© 2022 Kansas City Public Radio
NPR in Kansas City
Play Live Radio
Next Up:
0:00
0:00
Available On Air Stations

Cauthen Contract Tactic Sparks Council Skirmish

By Steve Bell

http://stream.publicbroadcasting.net/production/mp3/kcur/local-kcur-635797.mp3

Kansas City, MO –
A proposal to not let City Manager Wayne Cauthen's Contract automatically renew itself for a year sparked heated words at Thursday's Kansas City Council meeting.

Council members Terry Riley, Sharon Sanders Brooks and Melba Curls protested the ordinance's wording which they said implied that Manager Cauthen had not negotiated in good faith.

Councilman Terry Riley said it was the other way around that the council had not lived up to its commitment to negotiate promptly and efficiently. He also objected to the suggestion that Cauthen's contract be discussed in closed session, saying that would not be fair and transparent when the council has publicly admitted to discussing ending the city manager's contract.

Councilman Ed Ford tried to calm the discussion with the explanation that the move was a negotiation necessity with time running out before the contract automatically renews itself.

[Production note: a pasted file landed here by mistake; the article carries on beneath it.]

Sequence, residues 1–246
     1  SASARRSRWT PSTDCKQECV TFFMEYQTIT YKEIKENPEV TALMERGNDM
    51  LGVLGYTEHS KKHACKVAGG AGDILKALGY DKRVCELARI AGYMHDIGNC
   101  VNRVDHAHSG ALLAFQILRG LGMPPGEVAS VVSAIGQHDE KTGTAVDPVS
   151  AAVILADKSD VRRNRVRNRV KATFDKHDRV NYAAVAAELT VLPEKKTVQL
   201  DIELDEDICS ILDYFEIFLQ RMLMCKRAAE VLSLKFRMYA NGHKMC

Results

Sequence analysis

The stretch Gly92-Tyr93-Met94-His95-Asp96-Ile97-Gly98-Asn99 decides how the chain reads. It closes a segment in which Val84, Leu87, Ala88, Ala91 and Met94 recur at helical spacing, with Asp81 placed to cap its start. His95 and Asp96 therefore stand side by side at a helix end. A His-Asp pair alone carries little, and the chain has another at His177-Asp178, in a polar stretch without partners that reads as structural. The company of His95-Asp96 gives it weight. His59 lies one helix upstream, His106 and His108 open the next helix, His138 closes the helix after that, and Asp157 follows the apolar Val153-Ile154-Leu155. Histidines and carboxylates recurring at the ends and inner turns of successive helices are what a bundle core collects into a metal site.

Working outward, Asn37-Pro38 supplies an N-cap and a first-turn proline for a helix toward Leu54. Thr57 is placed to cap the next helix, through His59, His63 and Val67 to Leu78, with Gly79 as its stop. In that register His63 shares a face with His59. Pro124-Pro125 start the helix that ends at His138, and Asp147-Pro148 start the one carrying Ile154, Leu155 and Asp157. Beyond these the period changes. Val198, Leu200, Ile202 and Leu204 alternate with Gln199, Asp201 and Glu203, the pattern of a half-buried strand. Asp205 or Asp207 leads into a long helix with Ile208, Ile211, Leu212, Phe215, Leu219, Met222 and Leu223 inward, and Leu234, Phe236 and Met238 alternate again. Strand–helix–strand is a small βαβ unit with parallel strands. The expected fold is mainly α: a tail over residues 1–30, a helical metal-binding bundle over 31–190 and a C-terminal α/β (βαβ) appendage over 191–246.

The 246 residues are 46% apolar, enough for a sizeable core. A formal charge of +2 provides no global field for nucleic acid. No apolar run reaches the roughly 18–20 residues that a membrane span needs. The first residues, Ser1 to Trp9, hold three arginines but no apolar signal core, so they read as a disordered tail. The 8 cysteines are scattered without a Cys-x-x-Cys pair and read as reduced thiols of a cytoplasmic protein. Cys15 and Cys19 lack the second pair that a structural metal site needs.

But the three African-American members continued to protest last-minute requests for their input, eleventh-hour proposals to Cauthen's lawyer, and as Sanders Brooks put it, a process that left them out of the loop. They also decried the last-minute appearance of the ordinance, which was introduced to late to make the council's formal docket.

Though a memo from the mayor seemed to imply that the proposal was for an immediate vote, it actually goes to committee next, so it can return to the floor before Cauthen's contract automatically renews in two weeks.

All was not conflict at the session. The council heard the first reading on a plan to submit a tougher no-smoking ordinance to the voters without negative comment, unanimously approved Juan Rangel Jr's appointment to the Area Transit Authority, and passed a resolution condemning subprime mortgages with ballooning interest rates without a dissenting vote.

KCUR serves the Kansas City region with breaking news and powerful storytelling.
Your donation helps make non-profit journalism available for everyone.